Here, you are urged and encouraged to run your mouths about something important.

Wednesday, August 4, 2010


Forget conspiracy theories. I've long maintained that it doesn't apply when looking at the facts - and the odds. When a Polish plane carrying that country's president and 90+ senior officials, crashed on April 10th, the odds of it being an accident were likely longer than the odds of foul play. The reason President Lech Kaczynski was flying to Russia was to commemorate the 70th anniversary of the Katyn massacres, in which over 20,000 senior polish officials were killed at the hands of Stalin's NKVD, which was a pre-cursor to the KGB, an agency Vladimir Putin was - and is - very loyal to.

The date, the location, the deaths of polish leaders, Putin's tendency to deal harshly with political opponents, and his dislike for Kaczynski are tragically ironic, yes but what are the odds that such a disaster was an accidental coincidence? Are they longer than the odds it was intentional? When factoring in all of those things, I'd bet they are.

As I have long said, under that premise, Russia's willingness to cooperate with the investigation will either extinguish suspicion or raise more flags. Now we have a report from the Irish Times that Poland is getting impatient with Russia's stonewalling:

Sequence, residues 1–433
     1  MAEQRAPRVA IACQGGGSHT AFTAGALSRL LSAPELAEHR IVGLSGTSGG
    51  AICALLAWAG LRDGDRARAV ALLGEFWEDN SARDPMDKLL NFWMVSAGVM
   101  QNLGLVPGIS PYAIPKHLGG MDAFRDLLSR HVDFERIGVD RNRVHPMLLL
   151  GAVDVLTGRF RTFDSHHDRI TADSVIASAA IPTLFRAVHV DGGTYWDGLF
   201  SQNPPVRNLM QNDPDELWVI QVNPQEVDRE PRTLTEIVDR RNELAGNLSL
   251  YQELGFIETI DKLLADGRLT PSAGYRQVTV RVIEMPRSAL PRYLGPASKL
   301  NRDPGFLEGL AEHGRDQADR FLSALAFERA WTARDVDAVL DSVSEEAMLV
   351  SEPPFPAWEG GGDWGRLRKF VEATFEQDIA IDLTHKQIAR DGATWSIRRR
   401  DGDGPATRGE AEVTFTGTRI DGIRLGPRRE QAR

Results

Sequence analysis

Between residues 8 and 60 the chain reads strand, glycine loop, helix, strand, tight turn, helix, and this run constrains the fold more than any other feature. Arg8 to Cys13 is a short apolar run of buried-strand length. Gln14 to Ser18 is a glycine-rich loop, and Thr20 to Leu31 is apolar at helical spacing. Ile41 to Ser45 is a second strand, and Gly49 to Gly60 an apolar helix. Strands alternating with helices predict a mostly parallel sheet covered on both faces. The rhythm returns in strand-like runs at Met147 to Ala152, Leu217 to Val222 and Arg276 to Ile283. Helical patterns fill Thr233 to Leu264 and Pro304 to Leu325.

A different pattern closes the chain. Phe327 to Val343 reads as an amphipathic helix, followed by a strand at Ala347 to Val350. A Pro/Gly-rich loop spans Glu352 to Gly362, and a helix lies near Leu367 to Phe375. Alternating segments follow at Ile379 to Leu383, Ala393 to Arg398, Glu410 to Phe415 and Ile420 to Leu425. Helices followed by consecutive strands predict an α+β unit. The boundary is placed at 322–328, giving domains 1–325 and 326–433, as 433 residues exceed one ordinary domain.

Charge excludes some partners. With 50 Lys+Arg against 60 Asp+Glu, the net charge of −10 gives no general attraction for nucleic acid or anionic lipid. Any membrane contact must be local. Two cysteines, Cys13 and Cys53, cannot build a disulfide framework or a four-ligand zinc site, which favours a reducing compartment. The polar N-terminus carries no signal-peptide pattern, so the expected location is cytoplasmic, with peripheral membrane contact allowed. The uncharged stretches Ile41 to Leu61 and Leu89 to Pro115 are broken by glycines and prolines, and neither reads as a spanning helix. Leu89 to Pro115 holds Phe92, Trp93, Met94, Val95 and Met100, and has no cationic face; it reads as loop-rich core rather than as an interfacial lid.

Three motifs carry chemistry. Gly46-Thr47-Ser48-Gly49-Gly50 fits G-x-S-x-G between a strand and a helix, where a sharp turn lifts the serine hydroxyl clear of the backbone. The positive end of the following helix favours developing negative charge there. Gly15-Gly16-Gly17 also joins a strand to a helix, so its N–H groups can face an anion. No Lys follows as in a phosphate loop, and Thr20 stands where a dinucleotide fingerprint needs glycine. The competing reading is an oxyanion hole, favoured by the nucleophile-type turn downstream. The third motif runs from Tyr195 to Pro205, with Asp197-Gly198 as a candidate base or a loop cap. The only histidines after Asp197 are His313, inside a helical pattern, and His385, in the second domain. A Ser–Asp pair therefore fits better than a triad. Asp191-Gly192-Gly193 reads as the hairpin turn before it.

POLAND HAS accused Russia of failing to hand over crucial evidence relating to the plane crash that killed Polish president Lech Kaczynski and 95 other people in April.

“The Polish side will be waiting for information and explanations about the reasons hampering the Russian side in forwarding the appropriate documents,” Polish prime minister Donald Tusk said yesterday. “Now, when the probe is entering its final phase, our co-operation is worse than at the beginning,” he added.

Mr Kaczynski’s aircraft crashed as it tried to land at fog-bound Smolensk airport in western Russia. The president and his group – which included his wife and many of Poland’s senior political, military and financial figures – were travelling to a commemoration ceremony at Katyn, where Soviet forces massacred more than 20,000 Polish officers in 1940.
Jumping to conclusions that foul play was involved is not advised. However, Russia could have gone a long way in dissuading people from doing so by being - shall I say it - transparent.

Read it all.

Click HERE for my April 10th post.

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